Future senators start resigning from current posts
published : 4 May 2019 at 20:23
writer: Online Reporters
Several cabinet ministers and prospective senators have started resigning from public offices and company boards, and their names will be submitted for royal approval by Friday, according to a deputy prime minister.
Under the constitution, senators’ names must be submitted to the King for approval within three days after the Election Commission endorses 95% of the 500 elected MPs, expected by Thursday.
The 250 senators come from three sources (see chart).
Deputy Prime Minister Wissanu Krea-ngam said on Saturday that some ministers had already submitted their resignations because they would become senators.
Deputy Prime Minister Prawit Wongsuwon, who chaired the senatorial screening committee, had sent 400 names to be shortlisted by the National Council for Peace and Order (NCPO), Mr Wissanu said.
He said the NCPO had already gone through more than 80% of the names and was checking the remaining nominees to see whether they were qualified and willing to accept positions.
“Some ministers have quit because they have been told they would be appointed. They will now have to make sure they comply with the qualifications and prohibitions for senators,” Mr Wissanu said.
The weekly cabinet meeting on Tuesday might be the last for several of them, but definitely not for the the government, which will stay on until a new cabinet is formed, he said.
Mr Wissanu neither confirmed nor denied that he would be one of the senators.
According to unconfirmed reports in Thai media, most of the future senators are people from the so-called “Five Rivers” that have been running the country since the 2014 military coup — the NCPO, the National Legislative Assembly (NLA), now-defunct National Reform Steering Assembly (NRSA), the cabinet and the Constitution Drafting Committee.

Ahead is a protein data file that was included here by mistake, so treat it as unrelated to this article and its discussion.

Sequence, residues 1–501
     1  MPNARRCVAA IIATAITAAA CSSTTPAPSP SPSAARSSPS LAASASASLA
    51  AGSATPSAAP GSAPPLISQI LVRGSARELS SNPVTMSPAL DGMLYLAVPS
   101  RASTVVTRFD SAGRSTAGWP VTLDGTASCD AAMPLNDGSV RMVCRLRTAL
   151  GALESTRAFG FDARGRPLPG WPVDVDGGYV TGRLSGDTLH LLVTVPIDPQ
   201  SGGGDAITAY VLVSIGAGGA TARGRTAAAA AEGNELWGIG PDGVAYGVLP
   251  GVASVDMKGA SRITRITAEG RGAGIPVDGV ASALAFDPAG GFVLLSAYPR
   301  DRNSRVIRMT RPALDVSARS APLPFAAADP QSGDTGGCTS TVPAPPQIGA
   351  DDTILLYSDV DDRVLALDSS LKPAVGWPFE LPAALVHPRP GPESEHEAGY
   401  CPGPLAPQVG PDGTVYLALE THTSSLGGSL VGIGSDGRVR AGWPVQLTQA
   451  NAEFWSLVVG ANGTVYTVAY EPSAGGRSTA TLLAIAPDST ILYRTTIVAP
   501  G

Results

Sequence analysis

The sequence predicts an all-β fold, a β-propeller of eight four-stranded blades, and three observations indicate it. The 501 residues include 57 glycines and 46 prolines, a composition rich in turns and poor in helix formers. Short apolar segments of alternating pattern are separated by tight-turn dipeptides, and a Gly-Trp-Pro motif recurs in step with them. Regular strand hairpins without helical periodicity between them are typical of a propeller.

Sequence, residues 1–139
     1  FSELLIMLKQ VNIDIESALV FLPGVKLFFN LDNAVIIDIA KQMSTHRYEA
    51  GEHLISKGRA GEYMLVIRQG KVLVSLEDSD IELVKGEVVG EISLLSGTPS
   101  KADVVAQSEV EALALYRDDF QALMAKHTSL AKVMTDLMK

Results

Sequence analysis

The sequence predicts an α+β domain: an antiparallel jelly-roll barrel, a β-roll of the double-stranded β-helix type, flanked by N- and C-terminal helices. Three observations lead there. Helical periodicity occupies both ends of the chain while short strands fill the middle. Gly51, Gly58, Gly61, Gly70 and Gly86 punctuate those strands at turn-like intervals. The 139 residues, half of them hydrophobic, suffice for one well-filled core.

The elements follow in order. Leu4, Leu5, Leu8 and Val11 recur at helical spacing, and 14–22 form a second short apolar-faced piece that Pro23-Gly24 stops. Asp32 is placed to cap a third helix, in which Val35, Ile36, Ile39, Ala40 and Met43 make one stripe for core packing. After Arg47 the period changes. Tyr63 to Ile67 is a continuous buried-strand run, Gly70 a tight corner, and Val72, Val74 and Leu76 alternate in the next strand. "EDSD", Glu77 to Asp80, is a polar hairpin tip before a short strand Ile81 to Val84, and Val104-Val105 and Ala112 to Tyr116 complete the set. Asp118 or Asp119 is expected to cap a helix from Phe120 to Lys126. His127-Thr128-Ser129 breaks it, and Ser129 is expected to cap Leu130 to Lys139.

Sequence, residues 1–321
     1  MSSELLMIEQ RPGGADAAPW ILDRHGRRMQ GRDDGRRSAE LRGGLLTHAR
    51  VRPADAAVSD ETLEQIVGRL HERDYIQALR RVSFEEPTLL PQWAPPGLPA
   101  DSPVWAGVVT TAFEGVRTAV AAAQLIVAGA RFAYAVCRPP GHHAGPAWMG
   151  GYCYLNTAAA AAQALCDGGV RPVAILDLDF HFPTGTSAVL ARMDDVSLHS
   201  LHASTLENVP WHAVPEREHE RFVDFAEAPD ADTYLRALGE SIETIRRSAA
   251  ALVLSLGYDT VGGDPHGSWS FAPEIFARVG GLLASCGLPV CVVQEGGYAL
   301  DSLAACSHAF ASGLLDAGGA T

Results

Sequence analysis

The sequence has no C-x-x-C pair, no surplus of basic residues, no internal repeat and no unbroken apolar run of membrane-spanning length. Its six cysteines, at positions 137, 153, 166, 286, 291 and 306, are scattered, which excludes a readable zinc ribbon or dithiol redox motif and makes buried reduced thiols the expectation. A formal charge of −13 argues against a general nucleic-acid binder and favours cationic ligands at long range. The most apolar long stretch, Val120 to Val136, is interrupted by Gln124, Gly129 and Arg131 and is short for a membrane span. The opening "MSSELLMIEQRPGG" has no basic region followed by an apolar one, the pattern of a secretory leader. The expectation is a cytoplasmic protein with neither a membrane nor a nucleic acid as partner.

The 250 senators will join lower house members to vote on the appointment of the next prime minister when Parliament convenes later this month.
Some ministers who have reportedly submitted their resignations, effective before Thursday are:
ACM Prajin Janthong, deputy prime minister and justice minister;
Gen Chatchai Sarikulya, deputy prime minister and agriculture minister;
Gen Surasak Karnjanarat, natural resources and environment minister;
Pol Gen Adul Sangsingkeo, labour minister;
Teerakiat Jareonsettasin, education minister;
Don Pramudwinai, foreign minister;
Virasakdi Futrakul, deputy foreign minister; and
Gen Chaichan Changmongkol, deputy defence minister
NLA president Pornpetch Wichitcholchai also submitted his resignation as a member of the Council of State. The letter reportedly cited taking up a position as a senator as the reason, although Mr Pornpetch has not resigned as the NLA president yet.
Other NLA members who reportedly received text messages from the NCPO informing them that they were among the lucky ones are vice-presidents Surachai Liangboonlertchai and Peerasak Porchit, as well as members Somchai Sawangkarn, Wallop Tangkananurak.
At least two of the former members from the defunct NRSA, which was in charge of national reform plans — Kamnoon Sidhisamarn and forensic pathologist Khunying Pornthip Rojanasunand — have not been forgotten either.
As well, some generals who were board members of listed companies resigned from the firms last week, apparently in preparation for a move to the upper chamber, in line with rules to avoid conflict of interest. Among this group are:
Ex-air force commander ACM Treetod Sonjance (Thai Airways International Plc);
Former defence permanent secretary and sitting NLA member Pairoj Panichsamai (RS Plc);
Ex-defence permanent secretary and NLA member Gen Theppong Tippayachan (IRPC Plc);
Former deputy army chief and NLA member Sasin Thongpakdee (IRPC Plc)
Former justice permanent secretary and NLA member Gen Chatchawal Suksomjit (Do Day Dream Plc).
NLA member Gen Tawatchai Samutsakorn (Interlink Telecom Plc)
Ex-NRSA member Adm Apiwat Sriwattana (Interlink Communication Plc)
Gen Prawit has kept the full list of appointees secret, reportedly to ward off political lobbying.